Fast approaching his ninth decade of life, Woody Allen’s career rolls along undeterred, as he continues to work at his typically prolific, one film per year, pace.  Admittedly, I don’t make it a point to see every one of his movies, and I’ve yet to feel the need to fill in the gaps and catch up on his films I’ve missed in the last decade.  I can rest perfectly easy knowing I may never see “Scoop,” “You Will Meet a Tall Dark Stranger,” “Cassandra’s Dream” or “Whatever Works” (oh wait, I have actually seen the latter two films).  Point being, with a work rate as tireless as Allen’s, it’s to be expected there will be a few misses sprinkled in with the hits.  With his latest, “Blue Jasmine,” he knocks it out of the park.

“Blue Jasmine,” which echoes Tennessee Williams’ play “A Streetcar Named Desire,” is more drama than comedy, but mixes tones with ease.  It also pairs actors who you probably never would’ve imagined sharing screen space (Cate Blanchett and Andrew Dice Clay?), but does it so effectively that you wonder why it took so long for them to appear in the same film.  At his best, Allen has a way of making things work that, at least on paper, shouldn’t, and if there’s an American filmmaker who more distinctively sprinkles his/her personality into their movies, I’ve yet to see that person’s work.

Cate Blanchett plays the Jasmine of the film’s title, a 40-something woman who has just arrived in San Francisco from New York, after manically talking a complete stranger’s ear off on the cross-country flight.  Jasmine, you see, is in the midst of a crisis that’s already cost the woman her husband, son and incredibly luxurious life.  Shuttling back and forth between the grim present and mostly idyllic past, we watch Jasmine in her former life as she enjoys aristocratic comforts while married to Hal (Alec Baldwin), a Wall Street type millionaire involved in shady business practices, and gradually see that life fall apart.

Arriving at her divorced sister Ginger’s (Sally Hawkins) modest apartment deep in debt and with no means of financial support, Jasmine still carries on the part of the sniveling elitist.  She disliked her polar opposite sister’s former husband, Augie (Dice Clay), and now looks down her nose at the woman’s current working class boyfriend, Chili (Bobby Cannavale).  Though she feels it’s beneath her, Jasmine takes a job as a receptionist at a dentist’s office, a position she doesn’t seem particularly qualified to fill, enrolls in a computer class, moves in with Ginger and her two young sons for an indefinite period of time and has a vague (at best) plan to become an interior designer.

Jasmine is several steps beyond the neurosis of the standard Allen protagonist — by the time she reaches San Francisco, she’s basically lost it.  Even in her lowest moments, she refuses to relinquish her haughty attitude — it’s the only thing she can use to defend herself against a world that suddenly doesn’t find her so special.  While in San Francisco, Jasmine will shake up her sister’s relationship and find a glimmer of hope in a man she feels is of her caliber (Peter Sarsgaard), while attempting to free herself of a past that won’t let her easily escape.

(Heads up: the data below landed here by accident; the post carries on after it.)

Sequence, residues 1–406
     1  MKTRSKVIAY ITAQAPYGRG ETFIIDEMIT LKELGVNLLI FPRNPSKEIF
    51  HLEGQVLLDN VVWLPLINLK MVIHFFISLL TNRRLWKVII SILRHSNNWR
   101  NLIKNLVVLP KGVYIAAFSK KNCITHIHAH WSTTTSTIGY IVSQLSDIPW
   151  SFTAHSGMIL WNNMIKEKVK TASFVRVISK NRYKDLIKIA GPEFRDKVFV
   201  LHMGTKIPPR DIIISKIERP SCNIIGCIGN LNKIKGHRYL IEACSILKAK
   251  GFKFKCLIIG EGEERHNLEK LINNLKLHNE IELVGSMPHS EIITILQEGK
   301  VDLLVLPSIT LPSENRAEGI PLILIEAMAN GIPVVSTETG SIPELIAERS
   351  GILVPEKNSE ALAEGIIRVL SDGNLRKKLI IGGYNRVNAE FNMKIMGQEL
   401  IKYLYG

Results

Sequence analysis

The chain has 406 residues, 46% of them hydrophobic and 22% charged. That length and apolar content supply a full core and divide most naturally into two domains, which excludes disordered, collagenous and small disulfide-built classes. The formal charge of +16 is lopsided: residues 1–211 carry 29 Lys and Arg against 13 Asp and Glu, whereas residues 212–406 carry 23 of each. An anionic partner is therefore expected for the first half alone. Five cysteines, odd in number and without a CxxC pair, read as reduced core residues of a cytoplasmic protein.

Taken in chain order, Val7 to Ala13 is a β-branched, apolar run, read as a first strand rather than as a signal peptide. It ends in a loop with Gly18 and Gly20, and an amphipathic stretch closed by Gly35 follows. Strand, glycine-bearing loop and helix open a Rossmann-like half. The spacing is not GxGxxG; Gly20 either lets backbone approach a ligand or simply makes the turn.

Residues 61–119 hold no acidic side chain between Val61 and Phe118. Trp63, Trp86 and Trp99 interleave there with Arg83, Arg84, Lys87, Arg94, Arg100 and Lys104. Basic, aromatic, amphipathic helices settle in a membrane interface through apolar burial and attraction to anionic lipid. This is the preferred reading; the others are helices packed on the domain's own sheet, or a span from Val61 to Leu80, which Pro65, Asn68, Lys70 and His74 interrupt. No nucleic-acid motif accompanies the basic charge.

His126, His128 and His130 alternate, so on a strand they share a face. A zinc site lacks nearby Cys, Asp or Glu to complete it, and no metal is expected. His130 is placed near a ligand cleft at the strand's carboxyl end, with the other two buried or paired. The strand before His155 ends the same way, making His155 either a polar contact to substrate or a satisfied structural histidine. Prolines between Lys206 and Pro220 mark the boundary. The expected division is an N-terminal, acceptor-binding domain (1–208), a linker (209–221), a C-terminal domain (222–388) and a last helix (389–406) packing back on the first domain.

Cate Blanchett is magnificent.  The actress was saddled with the unenviable task of having to make this unlikable character just sympathetic enough for the viewer to stay with over the course of a feature film and she brilliantly accomplishes this goal.  The key to the film’s success has little to do with the degree to which you like Jasmine, which doesn’t seem possible, it has to do with not disliking her.  Blanchett convincingly exposes the character’s vulnerability and her complete lack of self-awareness, and this prevents Jasmine from being insufferable.  The rest of the ensemble cast is strong (yes, including Dice Clay), and Allen’s dialogue smoothly alternates between stylized and understated/true-to-life.

As common courtesy, of course, I won’t say much about the ending, except that films which actually end when they should are a rare commodity these days — this movie joins that small group.  As per usual for Allen, this is far from a high concept film, but the depth in which he explores his central character is a grand achievement.

You can’t expect Woody Allen to reinvent the wheel at this point in his career, but you can expect his films to be of a certainly quality in line with his reputation.  “Blue Jasmine” easily surpasses those expectations.

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